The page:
by Sheldon Atovsky –
Here’s the scene. We’re in the Party Room waiting for the board meeting to start. We’ve got our agendas and our questions ready for the open forums that begin and end each meeting. Board members walk in, sit down .. and seem already to know chapter and verse about every single item on the agenda. How do they do that?
How can they be conversant with the budget, with contracts, with minutiae regarding pipe repairs and when and how we should repair the roof? How can they have so much information on a particular issue that when it comes to vote, there’s hardly any need for discussion?
The answer is in the meeting’s Management Report provided by our office team!
For every meeting, board members receive an extremely detailed Report – a booklet really – averaging 70 to 80 pages. Unless, of course, it’s nearing budget time, in which case that booklet expands to include myriad financial detail. Or when the building begins a new construction project and those items are added. It’s easy to see how the booklet can get so long.
Property manager Tim Patricio, assisted by our staff, prepares a new Report or booklet for each Board meeting. What goes into a given report is determined by Tim’s ‘to-do’ list – a spreadsheet containing a massive amount of information on building operations.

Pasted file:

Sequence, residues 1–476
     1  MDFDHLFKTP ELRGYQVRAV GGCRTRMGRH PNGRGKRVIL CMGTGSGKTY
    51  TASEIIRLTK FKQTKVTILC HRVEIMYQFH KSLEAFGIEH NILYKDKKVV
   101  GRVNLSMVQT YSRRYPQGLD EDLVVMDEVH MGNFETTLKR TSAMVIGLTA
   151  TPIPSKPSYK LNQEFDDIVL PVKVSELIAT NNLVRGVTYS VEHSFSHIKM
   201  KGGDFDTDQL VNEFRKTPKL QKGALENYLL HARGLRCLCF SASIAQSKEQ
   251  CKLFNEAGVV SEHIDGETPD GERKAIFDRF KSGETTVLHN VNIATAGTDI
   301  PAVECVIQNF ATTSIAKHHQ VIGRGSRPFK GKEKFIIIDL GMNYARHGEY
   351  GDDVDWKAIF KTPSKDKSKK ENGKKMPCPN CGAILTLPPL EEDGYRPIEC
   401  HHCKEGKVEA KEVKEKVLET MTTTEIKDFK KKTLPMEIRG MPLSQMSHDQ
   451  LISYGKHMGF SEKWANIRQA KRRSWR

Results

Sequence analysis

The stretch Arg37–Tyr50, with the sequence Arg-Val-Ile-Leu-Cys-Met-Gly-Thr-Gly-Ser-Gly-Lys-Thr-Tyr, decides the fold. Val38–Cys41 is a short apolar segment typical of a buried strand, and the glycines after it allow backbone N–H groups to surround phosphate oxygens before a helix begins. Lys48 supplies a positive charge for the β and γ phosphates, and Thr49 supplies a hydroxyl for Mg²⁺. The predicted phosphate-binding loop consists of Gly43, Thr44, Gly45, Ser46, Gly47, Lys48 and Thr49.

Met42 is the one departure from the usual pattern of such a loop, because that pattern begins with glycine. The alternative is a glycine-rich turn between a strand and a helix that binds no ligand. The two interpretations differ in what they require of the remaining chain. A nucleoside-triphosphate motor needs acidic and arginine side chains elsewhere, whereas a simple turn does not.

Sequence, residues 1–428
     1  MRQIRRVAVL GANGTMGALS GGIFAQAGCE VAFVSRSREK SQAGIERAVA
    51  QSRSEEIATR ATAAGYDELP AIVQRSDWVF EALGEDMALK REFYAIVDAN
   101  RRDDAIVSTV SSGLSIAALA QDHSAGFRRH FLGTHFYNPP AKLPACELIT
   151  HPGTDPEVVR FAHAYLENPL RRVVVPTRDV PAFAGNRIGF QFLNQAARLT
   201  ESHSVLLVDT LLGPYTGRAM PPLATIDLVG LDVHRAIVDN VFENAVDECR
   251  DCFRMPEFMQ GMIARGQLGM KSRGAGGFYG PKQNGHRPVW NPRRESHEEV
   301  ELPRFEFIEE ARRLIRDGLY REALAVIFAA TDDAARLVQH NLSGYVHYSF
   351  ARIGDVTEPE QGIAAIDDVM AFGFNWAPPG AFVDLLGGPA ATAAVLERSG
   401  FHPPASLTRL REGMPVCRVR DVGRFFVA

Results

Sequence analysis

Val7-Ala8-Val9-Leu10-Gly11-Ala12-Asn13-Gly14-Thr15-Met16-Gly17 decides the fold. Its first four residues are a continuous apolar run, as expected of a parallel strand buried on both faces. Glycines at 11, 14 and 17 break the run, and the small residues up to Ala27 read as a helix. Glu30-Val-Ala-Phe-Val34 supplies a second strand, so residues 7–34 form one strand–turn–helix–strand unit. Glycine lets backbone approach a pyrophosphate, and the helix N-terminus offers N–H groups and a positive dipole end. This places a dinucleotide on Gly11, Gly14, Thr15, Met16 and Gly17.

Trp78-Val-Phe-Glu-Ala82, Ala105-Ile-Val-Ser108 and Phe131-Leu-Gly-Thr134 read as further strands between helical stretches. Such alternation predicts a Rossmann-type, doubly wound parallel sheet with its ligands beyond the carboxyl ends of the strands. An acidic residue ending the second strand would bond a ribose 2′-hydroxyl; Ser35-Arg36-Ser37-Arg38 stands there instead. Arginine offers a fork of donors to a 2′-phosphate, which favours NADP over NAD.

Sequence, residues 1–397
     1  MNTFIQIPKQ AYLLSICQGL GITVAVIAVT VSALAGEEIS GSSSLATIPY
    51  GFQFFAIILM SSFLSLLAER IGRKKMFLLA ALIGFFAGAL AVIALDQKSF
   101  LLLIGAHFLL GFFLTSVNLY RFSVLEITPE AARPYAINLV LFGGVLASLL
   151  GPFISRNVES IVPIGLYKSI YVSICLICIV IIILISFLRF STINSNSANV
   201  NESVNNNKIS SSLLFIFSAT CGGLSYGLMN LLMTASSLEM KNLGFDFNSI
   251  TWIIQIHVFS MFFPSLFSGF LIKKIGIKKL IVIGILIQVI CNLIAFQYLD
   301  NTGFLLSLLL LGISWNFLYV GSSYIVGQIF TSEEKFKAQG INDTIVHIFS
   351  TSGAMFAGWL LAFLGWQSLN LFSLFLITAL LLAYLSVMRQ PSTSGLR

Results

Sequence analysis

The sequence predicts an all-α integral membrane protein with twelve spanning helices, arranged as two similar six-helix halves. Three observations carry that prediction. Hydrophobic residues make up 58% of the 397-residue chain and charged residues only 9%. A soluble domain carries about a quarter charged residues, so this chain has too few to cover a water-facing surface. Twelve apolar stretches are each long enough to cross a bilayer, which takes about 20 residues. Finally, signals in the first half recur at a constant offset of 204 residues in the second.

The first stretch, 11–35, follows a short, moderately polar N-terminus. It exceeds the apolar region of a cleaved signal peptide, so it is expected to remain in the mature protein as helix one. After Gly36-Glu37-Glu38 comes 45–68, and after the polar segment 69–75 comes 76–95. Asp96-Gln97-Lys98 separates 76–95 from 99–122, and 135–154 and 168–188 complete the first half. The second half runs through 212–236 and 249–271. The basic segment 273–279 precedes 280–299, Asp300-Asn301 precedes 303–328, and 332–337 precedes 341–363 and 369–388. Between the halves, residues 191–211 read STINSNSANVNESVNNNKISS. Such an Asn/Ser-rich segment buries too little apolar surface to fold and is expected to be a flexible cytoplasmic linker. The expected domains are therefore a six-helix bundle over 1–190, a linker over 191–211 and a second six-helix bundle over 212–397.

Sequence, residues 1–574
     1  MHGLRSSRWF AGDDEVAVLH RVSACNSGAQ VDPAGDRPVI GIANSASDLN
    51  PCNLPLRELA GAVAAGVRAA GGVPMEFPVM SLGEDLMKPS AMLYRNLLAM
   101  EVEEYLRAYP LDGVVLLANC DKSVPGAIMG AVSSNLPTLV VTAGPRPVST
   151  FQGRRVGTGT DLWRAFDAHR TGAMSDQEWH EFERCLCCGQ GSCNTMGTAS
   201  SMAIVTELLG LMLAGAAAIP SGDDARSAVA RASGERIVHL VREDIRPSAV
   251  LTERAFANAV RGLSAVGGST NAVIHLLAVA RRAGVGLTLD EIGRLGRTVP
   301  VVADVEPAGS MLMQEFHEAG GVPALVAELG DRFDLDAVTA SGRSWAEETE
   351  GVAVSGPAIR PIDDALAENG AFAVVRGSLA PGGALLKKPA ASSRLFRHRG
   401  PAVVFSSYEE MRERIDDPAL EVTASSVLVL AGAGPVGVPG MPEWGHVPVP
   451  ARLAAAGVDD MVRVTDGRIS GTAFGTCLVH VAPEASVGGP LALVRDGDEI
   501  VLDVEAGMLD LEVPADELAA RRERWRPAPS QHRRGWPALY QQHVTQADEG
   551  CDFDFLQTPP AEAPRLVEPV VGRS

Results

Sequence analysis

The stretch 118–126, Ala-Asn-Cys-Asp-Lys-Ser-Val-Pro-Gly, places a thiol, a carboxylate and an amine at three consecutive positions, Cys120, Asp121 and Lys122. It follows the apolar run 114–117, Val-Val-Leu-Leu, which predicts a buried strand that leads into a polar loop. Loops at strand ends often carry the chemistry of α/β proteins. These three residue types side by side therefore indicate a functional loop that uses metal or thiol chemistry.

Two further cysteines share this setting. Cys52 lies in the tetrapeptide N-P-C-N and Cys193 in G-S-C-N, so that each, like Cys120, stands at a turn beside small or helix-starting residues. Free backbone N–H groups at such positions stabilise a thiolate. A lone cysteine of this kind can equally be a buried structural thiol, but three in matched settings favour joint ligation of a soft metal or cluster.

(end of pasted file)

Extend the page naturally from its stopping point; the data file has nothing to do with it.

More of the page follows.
Input comes from engineers Steve Bisping and Matt Brown and plumber Louie Mezzano, who interact with Tim constantly and meet with him formally every two or three weeks. Assistant managers Amir Cobalovic and Marlon Dacres provide updates on administrative items (Amir) and remodeling projects, security, the Health Club, and garage activity (Marlon). Yvonne Sanchez reports on tasks she has been assigned.
All this and more goes into an ever-expanding manila folder on Tim’s desk, and from there onto that ‘to-do’ list/spreadsheet that underlies Tim’s Management Reports. Added to it is the financial data from our management company, Draper and Kramer, that supports Tim’s detailed monthly financial analyses.
Booklets are assembled and made available to Board members the week prior, both in digital and paper format. Enclosed in each is a cover letter that summarizes its contents and forms the basis of the Agenda, also published the week prior on www.ptcondo.com and available to owners who attend the meetings.
Tim estimates that it takes 12 to 16 hours to produce a finished Management Report. (Manually tabbing the paper copies, though helpful to Board members, is a particularly laborious chore.)
So it’s a lot of work, but when Board meetings flow smoothly, with members knowing what’s going on, then Tim feels the effort has been worthwhile. And as an owner who frequently attends, I most certainly agree.
Sheldon is a member of the Newsletter Committee and wrote this story after interviewing Tim Patricio, our property manager.